People

Citizen’s plan to keep people safe (and beat COVID-19) with an app

Citizen CEO Andrew Frame talks privacy, safety, coronavirus and the future of the neighborhood watch.

Citizen added COVID-19 tracking to its app over the summer — but its bigger plans got derailed.

Photo: Citizen

Citizen is an app built on the idea that transparency is a good thing. It's the place users — more than 7 million of them, in 28 cities with many more to come soon — can find out when there's a crime, a protest or an incident of any kind nearby. (Just yesterday, it alerted me, along with 17,900 residents of Washington, D.C., that it was about to get very windy. It did indeed get windy.) Users can stream or upload video of what's going on, locals can chat about the latest incidents and everyone's a little safer at the end of the day knowing what's happening in their city.

At least, that's how CEO Andrew Frame sees it. Critics of Citizen say the app is creating hordes of voyeurs, incentivizing people to run into dangerous situations just to grab a video, and encouraging racial profiling and other problematic behaviors all under the guise of whatever "safety" means. They say the app promotes paranoia, alerting users to things that they don't actually need to know about. (That the app was originally called "Vigilante" doesn't help its case.)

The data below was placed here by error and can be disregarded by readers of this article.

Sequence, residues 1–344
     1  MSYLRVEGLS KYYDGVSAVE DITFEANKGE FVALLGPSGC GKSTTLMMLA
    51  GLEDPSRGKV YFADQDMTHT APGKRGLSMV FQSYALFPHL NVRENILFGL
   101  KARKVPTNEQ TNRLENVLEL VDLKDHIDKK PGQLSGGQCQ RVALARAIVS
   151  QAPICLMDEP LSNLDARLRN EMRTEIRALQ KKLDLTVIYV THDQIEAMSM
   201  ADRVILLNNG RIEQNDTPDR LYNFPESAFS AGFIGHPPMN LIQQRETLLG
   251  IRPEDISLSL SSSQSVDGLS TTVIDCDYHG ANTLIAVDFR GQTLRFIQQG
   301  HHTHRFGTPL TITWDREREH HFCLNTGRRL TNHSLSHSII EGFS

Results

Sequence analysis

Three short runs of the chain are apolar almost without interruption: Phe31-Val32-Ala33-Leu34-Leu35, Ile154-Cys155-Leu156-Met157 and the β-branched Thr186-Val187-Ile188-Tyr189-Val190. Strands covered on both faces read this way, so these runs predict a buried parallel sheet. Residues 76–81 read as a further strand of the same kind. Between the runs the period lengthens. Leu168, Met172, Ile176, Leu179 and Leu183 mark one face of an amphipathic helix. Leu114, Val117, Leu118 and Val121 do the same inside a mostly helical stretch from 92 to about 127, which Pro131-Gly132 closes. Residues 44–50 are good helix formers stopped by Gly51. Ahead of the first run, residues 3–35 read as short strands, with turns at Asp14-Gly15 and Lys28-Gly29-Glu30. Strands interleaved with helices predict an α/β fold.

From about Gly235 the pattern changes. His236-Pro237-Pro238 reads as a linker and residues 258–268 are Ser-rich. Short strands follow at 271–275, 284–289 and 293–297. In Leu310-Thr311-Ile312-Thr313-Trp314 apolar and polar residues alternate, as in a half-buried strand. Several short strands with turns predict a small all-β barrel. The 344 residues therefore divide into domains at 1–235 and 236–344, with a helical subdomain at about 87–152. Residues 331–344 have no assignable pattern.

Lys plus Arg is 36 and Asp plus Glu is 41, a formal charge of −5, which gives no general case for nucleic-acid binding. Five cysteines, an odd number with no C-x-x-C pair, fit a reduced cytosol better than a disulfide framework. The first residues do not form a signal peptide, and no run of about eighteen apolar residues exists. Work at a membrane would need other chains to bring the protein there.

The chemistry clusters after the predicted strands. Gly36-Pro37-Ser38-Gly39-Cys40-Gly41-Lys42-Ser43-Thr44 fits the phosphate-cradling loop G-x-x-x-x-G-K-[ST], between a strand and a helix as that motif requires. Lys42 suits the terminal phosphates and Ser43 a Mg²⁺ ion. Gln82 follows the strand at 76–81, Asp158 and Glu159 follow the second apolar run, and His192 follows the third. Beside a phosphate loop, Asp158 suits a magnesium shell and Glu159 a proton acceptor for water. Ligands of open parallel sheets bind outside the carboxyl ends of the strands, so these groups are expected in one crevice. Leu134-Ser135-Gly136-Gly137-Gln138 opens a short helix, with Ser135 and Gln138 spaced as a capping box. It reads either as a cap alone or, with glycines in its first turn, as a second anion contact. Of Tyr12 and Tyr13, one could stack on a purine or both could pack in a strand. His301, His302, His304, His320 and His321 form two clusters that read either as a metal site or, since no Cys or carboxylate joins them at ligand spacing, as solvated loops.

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David Pierce

David Pierce ( @pierce) is Protocol's editor at large. Prior to joining Protocol, he was a columnist at The Wall Street Journal, a senior writer with Wired, and deputy editor at The Verge. He owns all the phones.

Transforming 2021

Blockchain, QR codes and your phone: the race to build vaccine passports

Digital verification systems could give people the freedom to work and travel. Here's how they could actually happen.

One day, you might not need to carry that physical passport around, either.

Photo: CommonPass

There will come a time, hopefully in the near future, when you'll feel comfortable getting on a plane again. You might even stop at the lounge at the airport, head to the regional office when you land and maybe even see a concert that evening. This seemingly distant reality will depend upon vaccine rollouts continuing on schedule, an open-sourced digital verification system and, amazingly, the blockchain.

Several countries around the world have begun to prepare for what comes after vaccinations. Swaths of the population will be vaccinated before others, but that hasn't stopped industries decimated by the pandemic from pioneering ways to get some people back to work and play. One of the most promising efforts is the idea of a "vaccine passport," which would allow individuals to show proof that they've been vaccinated against COVID-19 in a way that could be verified by businesses to allow them to travel, work or relax in public without a great fear of spreading the virus.